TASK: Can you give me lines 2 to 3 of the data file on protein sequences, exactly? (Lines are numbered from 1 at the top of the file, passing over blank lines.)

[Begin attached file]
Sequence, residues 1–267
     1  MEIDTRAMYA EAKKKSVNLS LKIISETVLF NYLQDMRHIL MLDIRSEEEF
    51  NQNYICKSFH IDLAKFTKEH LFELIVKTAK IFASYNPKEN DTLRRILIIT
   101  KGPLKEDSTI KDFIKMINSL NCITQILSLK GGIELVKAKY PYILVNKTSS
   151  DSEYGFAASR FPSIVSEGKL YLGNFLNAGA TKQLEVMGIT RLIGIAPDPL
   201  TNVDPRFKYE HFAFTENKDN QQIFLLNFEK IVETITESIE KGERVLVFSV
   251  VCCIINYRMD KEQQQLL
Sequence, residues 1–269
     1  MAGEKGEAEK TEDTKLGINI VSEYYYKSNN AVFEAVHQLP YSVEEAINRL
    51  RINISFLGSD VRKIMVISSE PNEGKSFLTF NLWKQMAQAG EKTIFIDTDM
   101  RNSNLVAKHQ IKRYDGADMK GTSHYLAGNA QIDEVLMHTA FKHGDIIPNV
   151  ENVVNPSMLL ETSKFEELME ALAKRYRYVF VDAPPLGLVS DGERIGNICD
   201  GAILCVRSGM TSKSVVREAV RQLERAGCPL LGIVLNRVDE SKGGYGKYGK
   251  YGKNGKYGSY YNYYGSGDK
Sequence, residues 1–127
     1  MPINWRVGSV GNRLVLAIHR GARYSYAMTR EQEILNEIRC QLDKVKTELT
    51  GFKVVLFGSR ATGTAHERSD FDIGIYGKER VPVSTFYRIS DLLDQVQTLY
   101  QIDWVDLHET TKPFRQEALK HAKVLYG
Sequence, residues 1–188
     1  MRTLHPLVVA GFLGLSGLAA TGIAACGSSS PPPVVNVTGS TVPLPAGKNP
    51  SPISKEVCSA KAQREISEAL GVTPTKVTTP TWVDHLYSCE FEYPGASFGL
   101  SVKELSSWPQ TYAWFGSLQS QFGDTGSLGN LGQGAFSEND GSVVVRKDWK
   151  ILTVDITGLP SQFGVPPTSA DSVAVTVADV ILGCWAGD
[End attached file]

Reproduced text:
     1  MEIDTRAMYA EAKKKSVNLS LKIISETVLF NYLQDMRHIL MLDIRSEEEF
    51  NQNYICKSFH IDLAKFTKEH LFELIVKTAK IFASYNPKEN DTLRRILIIT